By MUNA SHIKAKI
As a pharmacist in the Detroit area, Sam Alawieh, was baffled by a question a patient asked him about the vitamins she was about to take.
“She asked me, does this have anything that’s not halal in it?,” Alawieh said.
“That threw me way back, so I thought, now what? how do we give patients the option to be healthy and be halal at the same time?” Alawieh said.
Through his Michigan based pharmaceutical lab “Rxtra” he set out to create a line of “halal” vitamins that contain no animal by-products and is in the process of obtaining a “halal” certification for them. He currently sells them in an Arab American supermarket in Dearborn and is in the process of setting up a website to take orders.
While there is nothing new about vegetarian vitamins, Alwaieh’s niche line is reflective of a growing understanding of the purchasing power of American Muslims.
“People in the Muslim community have been overlooked, and we want to change that” says Alawieh.
Muslim American organizations, like the Council on American Islamic Relations, CAIR, say there are about seven million Muslims in the united States.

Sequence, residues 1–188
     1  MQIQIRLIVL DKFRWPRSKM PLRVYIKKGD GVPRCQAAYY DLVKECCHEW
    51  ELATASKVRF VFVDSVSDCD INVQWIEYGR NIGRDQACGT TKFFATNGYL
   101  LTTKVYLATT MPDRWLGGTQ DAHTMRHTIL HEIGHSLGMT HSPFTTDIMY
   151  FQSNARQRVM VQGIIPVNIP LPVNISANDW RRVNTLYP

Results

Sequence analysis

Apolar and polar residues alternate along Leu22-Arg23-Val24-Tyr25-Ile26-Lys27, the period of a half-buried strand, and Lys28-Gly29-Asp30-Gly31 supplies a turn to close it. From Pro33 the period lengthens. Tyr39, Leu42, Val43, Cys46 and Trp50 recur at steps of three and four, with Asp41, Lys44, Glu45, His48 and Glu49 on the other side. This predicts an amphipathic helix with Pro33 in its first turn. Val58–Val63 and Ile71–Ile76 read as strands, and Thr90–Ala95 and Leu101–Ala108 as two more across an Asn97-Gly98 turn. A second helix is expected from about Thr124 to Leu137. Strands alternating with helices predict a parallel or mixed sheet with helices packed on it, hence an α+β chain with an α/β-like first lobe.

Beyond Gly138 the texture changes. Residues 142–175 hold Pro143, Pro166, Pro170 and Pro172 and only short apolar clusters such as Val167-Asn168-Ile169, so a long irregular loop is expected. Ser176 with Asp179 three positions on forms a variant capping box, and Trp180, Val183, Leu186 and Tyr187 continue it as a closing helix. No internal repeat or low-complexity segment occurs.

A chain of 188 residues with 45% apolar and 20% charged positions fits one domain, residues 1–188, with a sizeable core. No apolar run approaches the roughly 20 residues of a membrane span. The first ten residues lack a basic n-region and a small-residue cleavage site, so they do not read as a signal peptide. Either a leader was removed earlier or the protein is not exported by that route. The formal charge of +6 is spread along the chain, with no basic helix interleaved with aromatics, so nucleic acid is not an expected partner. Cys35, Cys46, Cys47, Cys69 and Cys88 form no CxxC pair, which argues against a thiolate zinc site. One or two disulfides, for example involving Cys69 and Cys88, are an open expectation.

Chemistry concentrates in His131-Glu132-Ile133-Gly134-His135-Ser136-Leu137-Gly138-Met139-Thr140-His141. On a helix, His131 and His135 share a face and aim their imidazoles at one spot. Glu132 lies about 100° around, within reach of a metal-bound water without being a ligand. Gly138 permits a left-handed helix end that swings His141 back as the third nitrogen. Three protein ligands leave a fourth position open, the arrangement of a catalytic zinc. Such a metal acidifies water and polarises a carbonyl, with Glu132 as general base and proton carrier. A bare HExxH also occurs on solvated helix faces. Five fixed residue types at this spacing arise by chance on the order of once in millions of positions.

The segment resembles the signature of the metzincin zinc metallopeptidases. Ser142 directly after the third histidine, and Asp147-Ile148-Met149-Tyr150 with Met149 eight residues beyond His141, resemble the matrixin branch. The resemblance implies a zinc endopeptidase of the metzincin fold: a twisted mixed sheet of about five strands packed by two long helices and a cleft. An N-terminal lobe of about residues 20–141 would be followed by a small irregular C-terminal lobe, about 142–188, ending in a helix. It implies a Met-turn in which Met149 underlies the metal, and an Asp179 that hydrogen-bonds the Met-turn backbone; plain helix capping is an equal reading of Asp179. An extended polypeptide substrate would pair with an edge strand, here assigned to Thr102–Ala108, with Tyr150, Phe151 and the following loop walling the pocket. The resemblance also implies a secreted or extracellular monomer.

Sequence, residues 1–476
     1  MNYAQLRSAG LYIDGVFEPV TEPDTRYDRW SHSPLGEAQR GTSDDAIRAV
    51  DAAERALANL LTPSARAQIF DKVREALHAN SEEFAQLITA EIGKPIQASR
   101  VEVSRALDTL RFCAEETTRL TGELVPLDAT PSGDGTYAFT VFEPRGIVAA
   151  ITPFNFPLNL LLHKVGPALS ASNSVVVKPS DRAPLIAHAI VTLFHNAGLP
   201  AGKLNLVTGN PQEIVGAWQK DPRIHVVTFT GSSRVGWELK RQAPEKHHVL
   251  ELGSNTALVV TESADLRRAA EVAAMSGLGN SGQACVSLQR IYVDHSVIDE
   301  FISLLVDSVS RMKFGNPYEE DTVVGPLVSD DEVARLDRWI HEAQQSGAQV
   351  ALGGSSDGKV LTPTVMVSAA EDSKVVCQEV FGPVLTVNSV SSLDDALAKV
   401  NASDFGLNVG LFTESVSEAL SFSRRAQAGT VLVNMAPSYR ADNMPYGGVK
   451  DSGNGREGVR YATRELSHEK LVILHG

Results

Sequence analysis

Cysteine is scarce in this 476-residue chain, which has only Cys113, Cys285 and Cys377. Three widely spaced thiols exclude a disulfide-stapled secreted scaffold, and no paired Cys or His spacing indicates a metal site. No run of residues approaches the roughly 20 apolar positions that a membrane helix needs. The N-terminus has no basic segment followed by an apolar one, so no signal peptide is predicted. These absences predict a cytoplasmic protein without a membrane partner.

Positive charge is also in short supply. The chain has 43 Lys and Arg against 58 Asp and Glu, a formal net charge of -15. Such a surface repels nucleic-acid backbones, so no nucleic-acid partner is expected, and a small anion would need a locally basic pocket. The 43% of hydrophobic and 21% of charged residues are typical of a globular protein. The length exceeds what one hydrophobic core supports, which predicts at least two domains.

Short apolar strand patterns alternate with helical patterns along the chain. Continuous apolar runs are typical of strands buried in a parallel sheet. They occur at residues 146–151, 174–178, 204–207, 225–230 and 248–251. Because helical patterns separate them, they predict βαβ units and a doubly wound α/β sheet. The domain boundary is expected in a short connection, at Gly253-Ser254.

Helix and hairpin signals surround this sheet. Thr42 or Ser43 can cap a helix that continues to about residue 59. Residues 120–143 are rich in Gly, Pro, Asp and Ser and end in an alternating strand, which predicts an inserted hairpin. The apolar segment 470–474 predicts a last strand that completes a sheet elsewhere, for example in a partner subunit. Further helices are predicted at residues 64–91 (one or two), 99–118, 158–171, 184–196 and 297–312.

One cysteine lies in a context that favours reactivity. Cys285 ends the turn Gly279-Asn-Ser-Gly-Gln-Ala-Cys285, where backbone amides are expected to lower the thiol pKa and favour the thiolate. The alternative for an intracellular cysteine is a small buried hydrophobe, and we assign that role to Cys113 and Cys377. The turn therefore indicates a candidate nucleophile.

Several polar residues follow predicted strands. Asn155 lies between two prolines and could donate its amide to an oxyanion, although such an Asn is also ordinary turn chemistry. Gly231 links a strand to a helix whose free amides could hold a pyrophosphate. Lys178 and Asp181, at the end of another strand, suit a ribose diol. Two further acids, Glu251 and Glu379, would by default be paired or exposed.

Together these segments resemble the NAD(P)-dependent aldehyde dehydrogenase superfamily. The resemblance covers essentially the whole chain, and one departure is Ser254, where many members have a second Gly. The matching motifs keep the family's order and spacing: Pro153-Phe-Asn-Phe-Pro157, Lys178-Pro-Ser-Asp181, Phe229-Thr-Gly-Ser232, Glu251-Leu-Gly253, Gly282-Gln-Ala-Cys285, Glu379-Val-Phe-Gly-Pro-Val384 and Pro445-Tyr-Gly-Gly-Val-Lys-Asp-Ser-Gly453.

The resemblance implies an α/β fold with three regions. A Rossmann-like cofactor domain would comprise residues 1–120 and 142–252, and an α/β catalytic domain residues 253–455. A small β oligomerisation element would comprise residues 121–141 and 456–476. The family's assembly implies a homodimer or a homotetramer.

“Their income is higher than the national average end they have a larger numbers of professionals as heads of households,” CAIR’s Ibrahim Hooper said.
The New York based Center for American Muslims Research estimates that the annual purchasing power of U.S. Muslims is about $12 billion.
Alawieh’s line offers vitamins created specifically to cater to challenges that affect the community. “Dow” is a vitamin D supplement marketed to women who wear the hijab or niqab and don’t get enough sun exposure.
A picture of a smiling woman wearing the hijab is on the marketing posters for “Dow,” and Alaweih says he wants the community to be the face of his vitamins.
“We want people to know that you, as a Muslim, are being acknowledged” he adds.
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